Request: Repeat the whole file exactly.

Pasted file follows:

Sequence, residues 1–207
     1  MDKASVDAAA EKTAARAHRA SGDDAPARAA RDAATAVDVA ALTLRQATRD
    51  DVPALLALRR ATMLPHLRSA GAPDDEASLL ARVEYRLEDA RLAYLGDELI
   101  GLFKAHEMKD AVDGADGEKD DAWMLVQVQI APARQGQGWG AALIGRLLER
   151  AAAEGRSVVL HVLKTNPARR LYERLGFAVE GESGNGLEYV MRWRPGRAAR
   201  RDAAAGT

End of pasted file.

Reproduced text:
Sequence, residues 1–207
     1  MDKASVDAAA EKTAARAHRA SGDDAPARAA RDAATAVDVA ALTLRQATRD
    51  DVPALLALRR ATMLPHLRSA GAPDDEASLL ARVEYRLEDA RLAYLGDELI
   101  GLFKAHEMKD AVDGADGEKD DAWMLVQVQI APARQGQGWG AALIGRLLER
   151  AAAEGRSVVL HVLKTNPARR LYERLGFAVE GESGNGLEYV MRWRPGRAAR
   201  RDAAAGT